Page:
The findings are not due to demographic or socioeconomic factors, parental education, child-rearing experience or children’s health status, say authors Alex Chen, M.D., at Children’s Hospital Los Angeles and José Escarce, M.D., at the University of California, Los Angeles.

The authors attribute the results to finite parental resources. “As there are more demands on a parent’s time and money each child may receive less,” said Chen. “Policies that provide support for working parents may enable them to take their children for care,” concludes the study.

The authors analysed data from a nationally representative survey on the use of medical care. The survey included 26,401 American youngsters under 18 living in two-parent families or single-mother families. There were not enough single-father families to include in the study.

The data indicate that children of single mothers receive less care than those in two-parent families; however, these differences can be explained by other family traits such as poverty and lack of health insurance.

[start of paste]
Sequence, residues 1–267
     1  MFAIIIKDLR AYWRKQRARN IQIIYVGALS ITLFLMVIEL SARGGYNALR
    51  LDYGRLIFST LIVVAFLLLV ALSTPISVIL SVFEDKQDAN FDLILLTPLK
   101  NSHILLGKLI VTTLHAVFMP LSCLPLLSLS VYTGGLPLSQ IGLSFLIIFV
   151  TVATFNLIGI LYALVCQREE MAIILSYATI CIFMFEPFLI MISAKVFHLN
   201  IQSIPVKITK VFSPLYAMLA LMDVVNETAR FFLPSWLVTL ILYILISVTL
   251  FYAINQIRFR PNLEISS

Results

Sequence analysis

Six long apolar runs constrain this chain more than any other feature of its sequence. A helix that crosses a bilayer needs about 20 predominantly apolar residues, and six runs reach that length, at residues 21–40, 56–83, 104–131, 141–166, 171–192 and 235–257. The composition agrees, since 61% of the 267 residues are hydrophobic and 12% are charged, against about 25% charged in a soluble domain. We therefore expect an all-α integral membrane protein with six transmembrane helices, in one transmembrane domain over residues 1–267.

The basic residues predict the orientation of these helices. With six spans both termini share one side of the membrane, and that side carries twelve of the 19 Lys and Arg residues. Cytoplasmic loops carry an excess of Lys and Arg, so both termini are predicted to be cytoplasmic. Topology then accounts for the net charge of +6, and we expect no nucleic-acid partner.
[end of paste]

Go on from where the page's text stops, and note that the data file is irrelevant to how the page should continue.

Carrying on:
In contrast, children in families with four or more other children make only about four-fifths as many visits to doctor’s offices or emergency rooms as otherwise similar single-parent families. The effect of a large family on a child’s prescription drug use rivaled the effect of being uninsured and was larger than that of poverty.

The presence of nonparental adults — such as grandparents or a single-mother’s boyfriend — is also linked to less health care for children in the household. More family leave days may enable working parents to take their children for needed care, suggest the authors. They also say that health care providers should also monitor children with many siblings and those in cohabiting households more closely.

MEDICA.de; Source: Health Behaviour News Service